Picture a Coworking space in a hip, urban sector of a big city. It’s easy to envision young male professionals bonding over a ping-pong table or a fridge stocked with beer. Coworking are often so packed full of men who work in the tech industry, they might as well be called “broworking” spaces. Instead, imagine a space with a more female aesthetic. Pale pink walls, library of all-women authors, tipi reading corners and of course, the oversized bathrooms with mirrors on every wall. All-women coworking spaces is a growing trend that’s been breaking the mold of some male-dominant spaces. Created by women and for women, this trend is slowly expanding to industrial-chic streets across the country. It’s about time we say NO to bro culture.
A supportive community of women
From cozy community startups like The Coven in Minneapolis, to a business with much larger ambitions, like The Wing – which has locations spreading internationally, the women-only office share is the “it” work sanctuary for our era. In an interview with The Week, Liz Giel from The Coven revealed that that their space aims to serve as a refuge and a support system for women to feel both inspired and encouraged. Surrounded by strong and independent women, the females here can receive empowerment, take risks in the company of female collaborators and mentors without the sweat or frustration of laboring in a man’s world. It also reduces the potential for sexual harassment and stressful male-female interactions. By day, work gets done; at night a bar opens and female speakers give talks ranging from topics such as financial health, anxiety and body positivity. There are beauty stations, hair-braiding workshops, lactation rooms and even a shower.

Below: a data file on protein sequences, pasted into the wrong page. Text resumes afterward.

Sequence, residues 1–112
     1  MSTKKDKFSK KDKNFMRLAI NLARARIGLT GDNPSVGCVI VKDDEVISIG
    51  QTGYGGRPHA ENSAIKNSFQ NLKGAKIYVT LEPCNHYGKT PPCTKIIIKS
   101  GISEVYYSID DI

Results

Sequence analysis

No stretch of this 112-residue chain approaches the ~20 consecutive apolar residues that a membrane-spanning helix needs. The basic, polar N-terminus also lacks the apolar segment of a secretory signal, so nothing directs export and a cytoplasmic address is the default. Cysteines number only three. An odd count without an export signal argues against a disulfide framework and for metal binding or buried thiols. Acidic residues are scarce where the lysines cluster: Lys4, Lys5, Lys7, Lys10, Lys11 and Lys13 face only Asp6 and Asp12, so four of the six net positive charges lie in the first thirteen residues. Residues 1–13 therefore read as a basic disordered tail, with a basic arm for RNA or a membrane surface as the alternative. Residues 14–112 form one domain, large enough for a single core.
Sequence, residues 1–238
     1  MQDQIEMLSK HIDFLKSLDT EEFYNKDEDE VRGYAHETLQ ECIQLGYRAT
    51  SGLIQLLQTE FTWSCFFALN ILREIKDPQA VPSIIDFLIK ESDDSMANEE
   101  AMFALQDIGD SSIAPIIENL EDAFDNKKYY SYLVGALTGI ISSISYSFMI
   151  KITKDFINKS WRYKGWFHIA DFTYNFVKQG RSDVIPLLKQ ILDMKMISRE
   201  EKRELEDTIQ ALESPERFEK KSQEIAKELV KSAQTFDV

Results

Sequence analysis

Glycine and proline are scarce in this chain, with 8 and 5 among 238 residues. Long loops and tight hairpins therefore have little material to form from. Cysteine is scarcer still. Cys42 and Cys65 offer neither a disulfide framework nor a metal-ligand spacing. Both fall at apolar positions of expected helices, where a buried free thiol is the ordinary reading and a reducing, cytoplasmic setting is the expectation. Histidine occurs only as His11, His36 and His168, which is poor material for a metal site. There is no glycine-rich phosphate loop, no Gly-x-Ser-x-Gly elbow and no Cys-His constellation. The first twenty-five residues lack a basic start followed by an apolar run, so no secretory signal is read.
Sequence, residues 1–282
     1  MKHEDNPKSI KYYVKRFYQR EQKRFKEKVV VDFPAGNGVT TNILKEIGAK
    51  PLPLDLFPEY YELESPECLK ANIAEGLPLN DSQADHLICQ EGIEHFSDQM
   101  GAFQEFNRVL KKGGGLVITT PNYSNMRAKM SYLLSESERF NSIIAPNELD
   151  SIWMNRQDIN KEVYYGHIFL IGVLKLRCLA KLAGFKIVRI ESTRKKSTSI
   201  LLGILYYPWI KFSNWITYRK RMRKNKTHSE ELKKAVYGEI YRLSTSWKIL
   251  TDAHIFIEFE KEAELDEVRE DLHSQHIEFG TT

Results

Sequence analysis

Feeling at home
The basic concept of this trend is to create a safe and supportive work environment as well as a professional home base. Whether it’s a typical Coworking location, or one of these women-centered spaces, coworking is built on a sense of community, cohesion and inclusiveness that it creates for its members. However, an all-women space sets itself apart by providing women a comfort level otherwise unable to achieve at male-dominant coworking locations. Some women feel a different energy at a coworking space without men and are more comfortable showing up in yoga pants rather than business wear. In addition, these spaces encourage women to be open and form relationships with fellow members who will understand and be supportive of their needs. Rise, in St.Louis, even created a mentorship program for teenage women to meet with members and shadow them so they can learn from those successful adults who they can emulate in the future. It’s benefits such as these that go beyond just providing the basic amenities in Coworking.
That said, some people still question the idea of the concept arguing that it’s more exclusive than inclusive. But as we observe the rise of all-women spaces throughout the years, it’s not hard to see that the future remains promising for this trend.